|Braves Field||Boston||Braves||1915||1946||1952||1955||Reconfigured into BU's Nickerson Field. Only demolished Jewel Box ballpark with a portion of its original stands still standing and in use.|
|Comiskey Park||Chicago||White Sox||1910||1939||1990||1991||Now parking for Guaranteed Rate Field.|
|Crosley Field||Cincinnati||Reds||1912||1935||1970||1972||Now parking and commercial.|
|Ebbets Field||Brooklyn||Dodgers||1913||1938||1957||1960||Now residential.|
|Fenway Park||Boston||Red Sox
|1912||1947||—||—||Active. Renovated heavily from 2002 to 2011|
|Forbes Field||Pittsburgh||Pirates||1909||1940||1970||1971||Now site of University of Pittsburgh's Posvar Hall. Parts of the outfield wall survive.|
|Griffith Stadium||Washington, D.C.||Senators||1911||1941||1961||1965||Now site of the Howard University Hospital.|
|League Park||Cleveland||Indians||1910||Never||1946||1951||Now Baseball Heritage Museum, housed in the stadium's original ticket office, and Fannie M. Lewis Community Park at League Park centered on the original diamond, but with an artificial surface instead of the original grass field.|
|Polo Grounds IV||Manhattan||Giants
|1911||1940||1963||1964||Now public housing.|
|1909||1939||1970||1976||Now site of the Deliverance Evangelistic Church.|
|Sportsman's Park||St. Louis||Browns
|1902 (rebuilt 1909)||1940||1966||1966||Now site of the Herbert Hoover Boys and Girls Club, with the original playing field still in use for youth sports.|
|Tiger Stadium||Detroit||Tigers||1912||1948||1999||2009||The Tigers continued to use this site until 1999. Now site of the Detroit's Police Athletic League, with the playing field still in use for youth sports, but with an artificial surface instead of the original grass field.|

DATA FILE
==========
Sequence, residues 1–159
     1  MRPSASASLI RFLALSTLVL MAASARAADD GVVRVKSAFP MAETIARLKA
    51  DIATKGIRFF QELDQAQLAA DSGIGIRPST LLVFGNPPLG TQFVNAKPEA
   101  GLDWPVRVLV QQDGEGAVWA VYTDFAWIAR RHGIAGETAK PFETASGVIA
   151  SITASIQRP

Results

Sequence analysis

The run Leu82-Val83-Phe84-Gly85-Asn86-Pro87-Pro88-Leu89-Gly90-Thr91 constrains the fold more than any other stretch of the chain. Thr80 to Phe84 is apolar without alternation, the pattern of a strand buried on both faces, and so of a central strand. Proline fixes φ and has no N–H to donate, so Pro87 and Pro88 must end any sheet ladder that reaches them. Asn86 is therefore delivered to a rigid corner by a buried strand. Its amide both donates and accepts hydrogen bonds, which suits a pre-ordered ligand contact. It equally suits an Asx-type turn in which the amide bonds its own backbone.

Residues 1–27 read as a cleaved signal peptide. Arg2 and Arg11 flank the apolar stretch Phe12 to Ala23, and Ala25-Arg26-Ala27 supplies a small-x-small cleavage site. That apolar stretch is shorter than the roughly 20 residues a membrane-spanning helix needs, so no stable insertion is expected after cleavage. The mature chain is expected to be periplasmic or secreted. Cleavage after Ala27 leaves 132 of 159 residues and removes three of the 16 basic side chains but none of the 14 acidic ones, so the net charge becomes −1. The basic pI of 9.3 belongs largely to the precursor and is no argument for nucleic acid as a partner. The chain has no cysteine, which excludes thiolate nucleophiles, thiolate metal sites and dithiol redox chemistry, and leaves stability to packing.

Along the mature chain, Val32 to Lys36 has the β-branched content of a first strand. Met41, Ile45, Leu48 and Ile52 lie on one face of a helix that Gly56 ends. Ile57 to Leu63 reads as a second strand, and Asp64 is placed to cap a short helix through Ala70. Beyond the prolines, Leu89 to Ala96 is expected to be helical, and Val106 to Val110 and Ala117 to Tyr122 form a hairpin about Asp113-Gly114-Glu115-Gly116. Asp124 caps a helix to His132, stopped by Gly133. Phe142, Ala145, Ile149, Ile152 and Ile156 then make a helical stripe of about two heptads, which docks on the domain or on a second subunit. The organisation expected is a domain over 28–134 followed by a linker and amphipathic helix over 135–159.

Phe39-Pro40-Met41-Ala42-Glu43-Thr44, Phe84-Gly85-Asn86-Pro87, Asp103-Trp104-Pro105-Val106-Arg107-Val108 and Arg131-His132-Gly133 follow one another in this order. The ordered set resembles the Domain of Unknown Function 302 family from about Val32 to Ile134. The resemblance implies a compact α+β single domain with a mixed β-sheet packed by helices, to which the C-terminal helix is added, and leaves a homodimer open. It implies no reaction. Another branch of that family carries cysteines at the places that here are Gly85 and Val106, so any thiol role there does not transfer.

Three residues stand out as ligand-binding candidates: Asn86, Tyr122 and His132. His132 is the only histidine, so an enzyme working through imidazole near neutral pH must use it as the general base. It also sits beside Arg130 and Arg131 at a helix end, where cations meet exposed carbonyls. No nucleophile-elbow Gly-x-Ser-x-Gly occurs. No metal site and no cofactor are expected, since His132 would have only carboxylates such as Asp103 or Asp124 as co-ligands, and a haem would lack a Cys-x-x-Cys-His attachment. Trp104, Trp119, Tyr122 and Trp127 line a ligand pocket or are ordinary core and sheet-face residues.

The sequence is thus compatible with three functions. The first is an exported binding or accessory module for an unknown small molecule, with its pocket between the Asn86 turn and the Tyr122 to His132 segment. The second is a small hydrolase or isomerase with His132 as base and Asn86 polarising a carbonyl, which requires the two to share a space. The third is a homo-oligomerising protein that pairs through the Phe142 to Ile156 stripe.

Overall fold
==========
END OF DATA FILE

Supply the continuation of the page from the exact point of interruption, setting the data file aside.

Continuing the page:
|Wrigley Field||Chicago||Cubs||1914||1988||—||—||Active. Renovation began in 2014 and was fully completed by Opening Day 2019.|
|Yankee Stadium||The Bronx||Yankees||1923||1946||2008||2010||Renovated in 1973–76. Structure demolished and now "Heritage Field" in Macombs Dam Park.|
|Ballpark||Location||Team||Opened||Lights installed||Closed||Demo'd||Current status|
|Korakuen Stadium||Tokyo||Yomiuri Giants[a]||1937||?||1987||1988||The Tokyo Dome Hotel sits in the former right-center field area. The remainder of the site is a plaza for the Dome and hotel.|
|Koshien Stadium||Nishinomiya||Hanshin Tigers||1924||1956||—||—||Active. Originally built for the Japan High School Baseball Federation for its national tournaments, and still hosts said events. Extensively renovated several times, most recently in 2007–2010, but retains most of its original character.|
|Meiji Jingu Stadium||Tokyo||Tokyo Yakult Swallows||1926||1946||—||—||Active. Originally built for college baseball, and still serves as a home for events at that level.|
- Also used by six other professional teams.
From the 1960s until the arrival of retro parks in 1992, baseball built many multi-purpose ballparks. Also derisively known as "concrete donuts", "cookie-cutters", or "giant ashtrays", they were usually tall and circular or square structures made entirely of, usually bare, reinforced concrete. The parks were built to hold baseball as well as football, soccer, and other sports. One of the earliest baseball stadiums that incorporated this type of design was Cleveland Stadium (built 1932), which featured an oval grandstand that was more friendly to goal-centered sports like football. A park built to suit all sports well, which was co-owned by the teams or the city, seemed advantageous to all, especially because it was less expensive to maintain one stadium rather than two. Some parks that were originally built for one sport were renovated to accommodate multiple sports.